WORKING. Do you want to get travelling now but just don’t have the cash saved? Work your way around the world and you’ll never have to stop. The beauty of being prepared to work is that you can keep going for as long as you like. Whenever you’re close to running out of money, put down some roots and get a job wherever you are at the time. Working holiday visa’s for 18 – 30 year old’s are pretty easy to get for Australia, New Zealand and Canada. Buy yourself a visa, book 1 week in a central, popular hostel in a city of your choice, catch a flight, and get job searching once you’re out there. Look on gumtree, pop into STA, hand out your CV, speak to people and keep your standards low. My first job in Sydney was door to door sales. I quit after a week but I ended up moving in with the people I met on the job (who also quit after a week) and we became really great friends. Alternatively, you could get a seasonal job. Popular winter seasonal jobs are Ski Seasons: getting these are as simple as googling, emailing and persevering. During summer, you could work in a bar/restaurant in a party town around Europe, to do this you’ll either need to go through an agency online, or just rock up and start handing out CV’s. If the drink all day and party all night life just isn’t for you, you could get a job as an activities leader. Camp America is great if you don’t need to save, or you could try In2Action who supply activity coordinators to Holiday Villages all around Europe (and 2 outside of Europe). I worked in Tunisia for 4 months and absolutely loved the experience! Another avenue you could go down is working on a cruise ship! Whether you’re an entertainer, singer, dancer, restaurant staff member or cleaner, you’ll be paid to tour some of the most beautiful places in the world. Another option for those of you who want to travel a bit more permanently, is to do a TEFL (Teach English as a Foreign Language) course. This enables you to teach in schools all over the world, earn a decent salary and really immerse yourself in a new culture.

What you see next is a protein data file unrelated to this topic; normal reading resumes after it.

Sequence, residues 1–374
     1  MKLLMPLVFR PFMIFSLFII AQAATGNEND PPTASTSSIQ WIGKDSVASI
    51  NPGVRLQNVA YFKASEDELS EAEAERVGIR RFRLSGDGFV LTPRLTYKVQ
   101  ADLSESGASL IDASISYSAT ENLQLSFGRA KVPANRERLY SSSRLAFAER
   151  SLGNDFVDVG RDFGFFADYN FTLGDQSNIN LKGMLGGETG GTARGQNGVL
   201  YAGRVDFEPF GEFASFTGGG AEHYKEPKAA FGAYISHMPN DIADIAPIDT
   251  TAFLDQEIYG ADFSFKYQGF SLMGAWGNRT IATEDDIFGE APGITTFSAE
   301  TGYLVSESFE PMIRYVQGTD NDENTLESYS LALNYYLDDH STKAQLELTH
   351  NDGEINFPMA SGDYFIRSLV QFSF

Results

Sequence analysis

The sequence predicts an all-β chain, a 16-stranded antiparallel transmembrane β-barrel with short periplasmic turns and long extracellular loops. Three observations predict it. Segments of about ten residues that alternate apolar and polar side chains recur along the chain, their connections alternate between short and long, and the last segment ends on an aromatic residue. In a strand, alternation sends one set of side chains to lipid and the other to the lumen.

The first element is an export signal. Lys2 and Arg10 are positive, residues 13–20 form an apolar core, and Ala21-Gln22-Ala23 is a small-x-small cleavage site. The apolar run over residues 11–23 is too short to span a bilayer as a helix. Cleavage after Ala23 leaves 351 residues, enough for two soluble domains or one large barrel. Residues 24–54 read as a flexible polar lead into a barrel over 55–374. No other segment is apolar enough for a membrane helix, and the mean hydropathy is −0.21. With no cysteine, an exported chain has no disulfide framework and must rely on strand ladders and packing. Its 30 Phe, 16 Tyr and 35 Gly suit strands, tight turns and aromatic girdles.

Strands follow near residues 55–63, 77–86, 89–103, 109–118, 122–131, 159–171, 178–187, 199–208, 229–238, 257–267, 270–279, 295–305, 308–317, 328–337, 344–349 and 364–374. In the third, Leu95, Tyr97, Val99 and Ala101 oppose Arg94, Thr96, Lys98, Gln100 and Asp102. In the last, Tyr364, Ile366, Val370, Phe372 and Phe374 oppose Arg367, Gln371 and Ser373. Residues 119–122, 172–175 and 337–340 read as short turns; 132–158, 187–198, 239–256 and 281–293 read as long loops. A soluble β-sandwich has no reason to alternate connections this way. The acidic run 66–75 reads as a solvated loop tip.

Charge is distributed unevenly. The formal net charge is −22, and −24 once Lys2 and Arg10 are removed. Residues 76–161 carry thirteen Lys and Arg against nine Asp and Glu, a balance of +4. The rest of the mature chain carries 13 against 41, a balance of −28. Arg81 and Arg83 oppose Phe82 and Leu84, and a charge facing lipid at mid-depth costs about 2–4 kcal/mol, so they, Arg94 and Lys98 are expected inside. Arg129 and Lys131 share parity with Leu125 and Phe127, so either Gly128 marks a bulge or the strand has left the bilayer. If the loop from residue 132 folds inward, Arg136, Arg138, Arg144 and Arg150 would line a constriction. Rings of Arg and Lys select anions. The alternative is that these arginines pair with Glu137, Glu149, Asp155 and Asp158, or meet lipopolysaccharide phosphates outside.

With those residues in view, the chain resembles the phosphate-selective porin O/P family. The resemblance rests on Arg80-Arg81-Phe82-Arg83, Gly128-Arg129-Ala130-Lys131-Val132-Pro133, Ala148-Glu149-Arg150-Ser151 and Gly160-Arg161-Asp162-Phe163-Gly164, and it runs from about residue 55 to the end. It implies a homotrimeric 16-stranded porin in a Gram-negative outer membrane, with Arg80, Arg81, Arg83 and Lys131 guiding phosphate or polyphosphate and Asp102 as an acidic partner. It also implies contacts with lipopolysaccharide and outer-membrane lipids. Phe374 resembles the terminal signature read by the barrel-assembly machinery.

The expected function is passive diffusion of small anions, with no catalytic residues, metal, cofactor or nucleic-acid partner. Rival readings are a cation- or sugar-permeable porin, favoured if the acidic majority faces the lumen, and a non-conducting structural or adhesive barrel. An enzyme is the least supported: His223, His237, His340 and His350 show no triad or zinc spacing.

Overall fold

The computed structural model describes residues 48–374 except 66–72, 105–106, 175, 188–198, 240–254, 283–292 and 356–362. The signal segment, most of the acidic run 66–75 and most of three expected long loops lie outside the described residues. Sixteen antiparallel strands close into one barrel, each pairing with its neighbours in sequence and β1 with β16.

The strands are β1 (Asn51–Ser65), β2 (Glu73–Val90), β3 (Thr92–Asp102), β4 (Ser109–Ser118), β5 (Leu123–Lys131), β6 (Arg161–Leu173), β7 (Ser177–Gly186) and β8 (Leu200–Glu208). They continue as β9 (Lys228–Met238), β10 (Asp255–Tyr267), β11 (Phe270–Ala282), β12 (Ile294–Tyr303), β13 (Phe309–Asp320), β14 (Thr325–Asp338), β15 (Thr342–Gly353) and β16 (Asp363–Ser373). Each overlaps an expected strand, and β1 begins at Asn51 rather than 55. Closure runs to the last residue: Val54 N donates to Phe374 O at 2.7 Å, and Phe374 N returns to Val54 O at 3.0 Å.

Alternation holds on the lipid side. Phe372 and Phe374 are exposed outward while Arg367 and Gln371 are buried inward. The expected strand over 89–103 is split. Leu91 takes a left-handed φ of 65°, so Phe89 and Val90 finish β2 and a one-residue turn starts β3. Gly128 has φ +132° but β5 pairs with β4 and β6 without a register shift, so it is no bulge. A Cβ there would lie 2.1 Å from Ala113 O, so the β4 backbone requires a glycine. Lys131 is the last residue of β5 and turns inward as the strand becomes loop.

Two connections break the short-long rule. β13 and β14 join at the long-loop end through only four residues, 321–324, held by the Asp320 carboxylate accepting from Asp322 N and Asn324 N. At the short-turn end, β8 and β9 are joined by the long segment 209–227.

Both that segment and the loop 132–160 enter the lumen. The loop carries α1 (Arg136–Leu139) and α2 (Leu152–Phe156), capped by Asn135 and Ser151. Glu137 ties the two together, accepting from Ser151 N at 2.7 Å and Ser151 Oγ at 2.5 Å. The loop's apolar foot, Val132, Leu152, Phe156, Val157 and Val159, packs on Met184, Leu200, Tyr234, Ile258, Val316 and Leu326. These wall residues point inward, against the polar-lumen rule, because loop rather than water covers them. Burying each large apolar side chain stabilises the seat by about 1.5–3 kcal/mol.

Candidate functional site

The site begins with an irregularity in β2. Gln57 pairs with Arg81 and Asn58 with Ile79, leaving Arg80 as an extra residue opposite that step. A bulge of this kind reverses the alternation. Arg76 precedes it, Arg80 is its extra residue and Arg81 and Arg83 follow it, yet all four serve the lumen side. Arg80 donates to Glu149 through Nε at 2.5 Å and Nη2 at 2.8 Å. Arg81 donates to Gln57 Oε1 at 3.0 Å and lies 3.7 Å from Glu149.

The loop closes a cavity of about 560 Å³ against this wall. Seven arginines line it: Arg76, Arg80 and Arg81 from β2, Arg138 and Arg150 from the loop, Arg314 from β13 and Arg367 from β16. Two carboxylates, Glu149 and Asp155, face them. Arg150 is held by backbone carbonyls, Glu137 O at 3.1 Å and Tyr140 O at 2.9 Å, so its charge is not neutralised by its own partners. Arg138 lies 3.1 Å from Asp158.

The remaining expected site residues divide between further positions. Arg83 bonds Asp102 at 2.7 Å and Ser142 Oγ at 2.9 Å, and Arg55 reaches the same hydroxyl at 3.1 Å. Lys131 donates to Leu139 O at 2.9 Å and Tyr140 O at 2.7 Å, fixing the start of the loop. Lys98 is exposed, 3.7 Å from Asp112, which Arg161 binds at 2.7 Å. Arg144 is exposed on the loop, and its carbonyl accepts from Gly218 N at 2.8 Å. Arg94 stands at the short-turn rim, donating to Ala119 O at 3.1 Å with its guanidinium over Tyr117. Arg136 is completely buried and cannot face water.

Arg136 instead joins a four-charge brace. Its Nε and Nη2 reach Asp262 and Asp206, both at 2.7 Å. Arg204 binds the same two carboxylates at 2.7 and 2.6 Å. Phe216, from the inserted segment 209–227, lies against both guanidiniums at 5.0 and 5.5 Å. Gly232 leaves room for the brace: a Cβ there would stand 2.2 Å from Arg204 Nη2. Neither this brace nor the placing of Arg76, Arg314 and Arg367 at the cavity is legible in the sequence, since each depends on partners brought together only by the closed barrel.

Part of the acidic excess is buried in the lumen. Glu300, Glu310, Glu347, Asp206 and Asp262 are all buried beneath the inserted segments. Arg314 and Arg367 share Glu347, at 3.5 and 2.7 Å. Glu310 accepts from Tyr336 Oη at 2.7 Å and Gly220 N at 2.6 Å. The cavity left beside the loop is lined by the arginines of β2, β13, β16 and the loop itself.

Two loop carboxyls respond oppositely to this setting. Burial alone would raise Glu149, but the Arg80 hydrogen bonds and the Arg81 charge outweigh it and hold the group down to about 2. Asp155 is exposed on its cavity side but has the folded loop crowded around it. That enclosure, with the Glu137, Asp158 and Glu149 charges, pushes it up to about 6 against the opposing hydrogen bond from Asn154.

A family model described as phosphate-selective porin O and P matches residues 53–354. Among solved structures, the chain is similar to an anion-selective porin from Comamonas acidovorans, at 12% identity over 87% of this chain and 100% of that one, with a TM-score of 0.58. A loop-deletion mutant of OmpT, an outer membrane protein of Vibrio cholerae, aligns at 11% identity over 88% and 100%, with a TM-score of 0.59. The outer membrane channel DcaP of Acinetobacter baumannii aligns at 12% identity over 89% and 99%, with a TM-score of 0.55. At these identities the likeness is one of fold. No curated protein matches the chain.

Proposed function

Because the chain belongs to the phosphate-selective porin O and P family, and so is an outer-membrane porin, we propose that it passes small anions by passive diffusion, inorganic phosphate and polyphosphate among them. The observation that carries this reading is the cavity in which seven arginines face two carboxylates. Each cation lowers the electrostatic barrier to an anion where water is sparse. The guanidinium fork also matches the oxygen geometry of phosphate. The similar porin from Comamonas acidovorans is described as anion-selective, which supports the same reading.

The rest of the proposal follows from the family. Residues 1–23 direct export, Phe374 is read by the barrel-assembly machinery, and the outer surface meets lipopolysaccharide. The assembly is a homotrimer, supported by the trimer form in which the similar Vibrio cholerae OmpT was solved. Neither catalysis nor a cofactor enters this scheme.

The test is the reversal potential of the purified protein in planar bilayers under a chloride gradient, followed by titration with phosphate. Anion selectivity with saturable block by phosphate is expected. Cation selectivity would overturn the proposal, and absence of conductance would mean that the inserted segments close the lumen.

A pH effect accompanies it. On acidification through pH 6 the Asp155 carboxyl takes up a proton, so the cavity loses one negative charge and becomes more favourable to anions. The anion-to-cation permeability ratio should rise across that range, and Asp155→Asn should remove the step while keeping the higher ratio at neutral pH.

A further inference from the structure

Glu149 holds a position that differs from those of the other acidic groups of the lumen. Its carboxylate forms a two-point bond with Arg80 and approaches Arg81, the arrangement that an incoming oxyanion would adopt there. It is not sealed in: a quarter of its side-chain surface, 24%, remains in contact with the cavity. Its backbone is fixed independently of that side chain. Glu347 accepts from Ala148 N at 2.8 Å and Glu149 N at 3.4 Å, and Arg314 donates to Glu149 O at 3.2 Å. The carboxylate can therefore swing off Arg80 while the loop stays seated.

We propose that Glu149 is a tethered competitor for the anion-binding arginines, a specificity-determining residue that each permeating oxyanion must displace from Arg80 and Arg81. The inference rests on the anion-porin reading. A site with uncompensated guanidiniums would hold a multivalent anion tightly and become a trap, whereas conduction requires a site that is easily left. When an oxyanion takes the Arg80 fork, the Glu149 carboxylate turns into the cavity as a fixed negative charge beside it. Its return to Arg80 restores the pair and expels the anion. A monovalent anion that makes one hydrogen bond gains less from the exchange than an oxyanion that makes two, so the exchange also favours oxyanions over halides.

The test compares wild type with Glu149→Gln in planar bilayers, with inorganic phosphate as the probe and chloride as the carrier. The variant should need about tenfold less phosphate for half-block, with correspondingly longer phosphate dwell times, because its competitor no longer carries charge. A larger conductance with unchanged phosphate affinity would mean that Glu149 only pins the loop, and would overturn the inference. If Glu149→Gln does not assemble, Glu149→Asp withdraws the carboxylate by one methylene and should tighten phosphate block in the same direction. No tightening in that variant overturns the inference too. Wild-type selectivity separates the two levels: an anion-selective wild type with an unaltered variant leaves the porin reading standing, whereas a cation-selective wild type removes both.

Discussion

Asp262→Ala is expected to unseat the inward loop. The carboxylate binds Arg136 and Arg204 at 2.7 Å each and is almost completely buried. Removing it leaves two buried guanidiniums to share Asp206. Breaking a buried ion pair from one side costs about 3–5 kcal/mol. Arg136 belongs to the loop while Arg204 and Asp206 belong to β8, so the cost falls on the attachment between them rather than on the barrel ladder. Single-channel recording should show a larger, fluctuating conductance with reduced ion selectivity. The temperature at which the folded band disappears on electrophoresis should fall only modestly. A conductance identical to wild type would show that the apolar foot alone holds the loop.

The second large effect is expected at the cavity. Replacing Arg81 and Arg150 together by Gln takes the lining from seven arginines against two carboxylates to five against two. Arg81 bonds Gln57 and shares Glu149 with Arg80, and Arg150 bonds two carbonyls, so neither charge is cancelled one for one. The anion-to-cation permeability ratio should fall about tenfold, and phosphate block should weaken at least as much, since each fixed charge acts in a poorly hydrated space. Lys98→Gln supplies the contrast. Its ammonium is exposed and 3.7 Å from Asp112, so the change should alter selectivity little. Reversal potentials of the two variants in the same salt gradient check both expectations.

VOLUNTEERING. If there’s something more specific you want to do, maybe this is the way forward. The International Citizen Service is a great place to start if you want to really make a difference in a small community by working on a project. Their website is very helpful and the great thing about ICS is that all you have to do is fund raise £800, and all other costs are paid for. Something I’m desperate to do once I’ve finished University is to volunteer at a Yoga and Surf retreat. These are found all over the world (I want to go to Sri Lanka!) and usually say if you work in a cafe/restaurant for free, then you have access to surf equipment and yoga classes at their facility. If you want to volunteer while on the move, you can work for bed and board. This includes WWOOFing, (a popular option in Australia) or working in a hostel, on reception or cleaning, in return for free accommodation.